I swear I saw Dick Vitale checking his watch after Alabama went up on Wichita State, 51-40, with 5:48 left in Tuesday night’s game at Koch Arena.
Vitale must have been wondering why he came to Wichita to do analysis for ESPN2’s telecast. The Shockers were sluggish offensively, and that’s being kind. They couldn’t make a free throw, and that’s being kind.
Alabama was taking the game to the Shockers, shooting lights out and feeding off the bad vibes they were sending through a sellout crowd on one of the biggest nights Wichita State has had in a while.
Hey, Dicky V was in town.
It was probably the quietest he’s ever been for 35 minutes.
Then it happened. Out of nowhere – and I do mean nowhere – the Shockers started to fight for their lives. A team that had won its previous five home games – and we’re including the Saint Louis game at Intrust Bank Arena – by at least 15 points was in an unusual situation.
The amazing 13-1 run, which resulted in a 53-52 win, started with a Darius Carter dunk with 4:52 remaining. It included a Fred VanVleet dipsy-doo drive, a Ron Baker floater and two baskets from freshman Rashard Kelly, pressed into prime time after a foot injury to junior Evan Wessel late in the first half.
That tied the score.
And after Alabama took a one-point lead on a Levi Randolph free throw, the Shockers came up with their play of the season. VanVleet found Carter with a nifty bounce pass and the Carter emphatically dunked the go-ahead basket with 11 seconds to go.
Alabama scored one point after Shannon Hale’s three-pointer with 5:48 to play. The Shockers scored 13.
Who gets the credit? Gosh, who doesn’t?
Start with Wichita State coach Gregg Marshall, who tried and tried to find an offensive combination that could battle against Alabama’s size and athleticism.
Finally, he seemed to scrap that notion and turned the game over to defense. The Shockers’ zone press befuddled Alabama, which had trouble getting into a set. And Wichita State, finally, was off to the races.
Carter was again big. He had nine points early, then went quiet, but had two big baskets during the comeback.
Baker didn’t have his best night, but did make three three-pointers.
VanVleet didn’t have his best night, but made a huge basket and created the game-winner with a genius pass.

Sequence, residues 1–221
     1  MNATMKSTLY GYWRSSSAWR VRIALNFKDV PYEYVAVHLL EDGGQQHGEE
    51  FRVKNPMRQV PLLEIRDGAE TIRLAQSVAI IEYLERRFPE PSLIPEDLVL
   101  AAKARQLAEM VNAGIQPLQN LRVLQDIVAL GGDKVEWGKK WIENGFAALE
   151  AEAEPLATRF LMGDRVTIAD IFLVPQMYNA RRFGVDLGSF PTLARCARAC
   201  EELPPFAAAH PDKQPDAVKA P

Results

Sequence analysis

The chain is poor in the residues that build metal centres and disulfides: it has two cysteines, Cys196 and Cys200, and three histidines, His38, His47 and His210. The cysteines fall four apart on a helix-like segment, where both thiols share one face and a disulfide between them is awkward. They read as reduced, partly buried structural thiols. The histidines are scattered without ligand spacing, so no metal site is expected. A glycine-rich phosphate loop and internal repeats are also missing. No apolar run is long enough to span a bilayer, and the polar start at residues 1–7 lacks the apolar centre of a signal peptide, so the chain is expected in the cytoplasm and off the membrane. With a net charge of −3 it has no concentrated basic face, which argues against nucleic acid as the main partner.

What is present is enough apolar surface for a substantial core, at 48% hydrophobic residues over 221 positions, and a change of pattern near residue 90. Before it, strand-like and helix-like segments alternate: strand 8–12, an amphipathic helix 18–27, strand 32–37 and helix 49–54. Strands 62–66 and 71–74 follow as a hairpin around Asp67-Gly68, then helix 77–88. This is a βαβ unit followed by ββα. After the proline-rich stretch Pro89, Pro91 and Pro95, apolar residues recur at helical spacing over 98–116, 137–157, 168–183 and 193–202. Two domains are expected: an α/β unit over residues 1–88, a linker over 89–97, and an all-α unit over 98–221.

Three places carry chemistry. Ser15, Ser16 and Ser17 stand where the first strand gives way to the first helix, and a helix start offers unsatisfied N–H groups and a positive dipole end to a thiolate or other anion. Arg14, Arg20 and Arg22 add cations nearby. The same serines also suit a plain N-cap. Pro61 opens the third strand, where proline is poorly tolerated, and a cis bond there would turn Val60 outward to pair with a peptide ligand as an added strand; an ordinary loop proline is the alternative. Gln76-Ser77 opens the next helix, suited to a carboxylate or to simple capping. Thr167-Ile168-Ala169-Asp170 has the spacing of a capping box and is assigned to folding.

Then there’s Kelly, who everybody believes will do big things for the Shockers. He got a jump start on those big things Tuesday, playing with confidence and not appearing overwhelmed by an 11-point deficit. Kelly might have had the best five-point, four-rebound game in Shocker history just because of when those points came.
Alabama will sting all the way back to Tuscaloosa. The Tide had this.
Forget making shots, Wichita State had trouble finding them for the longest time. The Koch Arena crowd erupted in those rare moments when the Shockers scored, but the fuse would not light. Alabama just kept dunking it in water.
Yet even at 51-40, and even with so little time left, and even with the Shockers’ futile attempts to get anything going, it’s impossible to give up on this team. You just figure Wichita State will find a way.
“We continue to fight, we find a way,” Marshall said. “That’s what these guys have done.”
And it’s why an 11-point lead, even when the Shockers manage only 40 points in nearly 35 minutes, isn’t insurmountable.
There’s a bunch of PTPers on this team, to borrow a Vitale description, who care more about winning than what their stats box score numbers look like.
Alabama gave the Shockers fits, but couldn’t win.
“I thought they had a great game plan,” Marshall said of the Tide (6-3). “Obviously, they’re very well-coached. I thought they did a wonderful job with their man (defense), zone, switching and protecting the rim. It was tough. We couldn’t buy a three-point basket or a free throw, so it made it difficult.”
But not impossible. Nothing seems to be impossible for Wichita State. The Shockers fought back from 11 points down on the road at Utah a couple of weeks ago and nearly pulled the game out before losing 69-68 in overtime.
It’s character, toughness, will – all the cliches that are difficult to define but easy to see.
I asked Baker, who had 14 points, to assess a team’s chances when it trails by 11 points with 5:48 to play and has struggled to score all night.
“Usually, I wouldn’t give that team much hope,” Baker said. “Think about it, 35-second possessions – under the eight-minute time out and you’re down double digits, I usually don’t give that team much of a chance.”
Unless, that is, you add to the equation the team on top scores one point.
“Yeah, with that scenario, anything is possible,” Baker said.
The Shockers make the possible almost probable.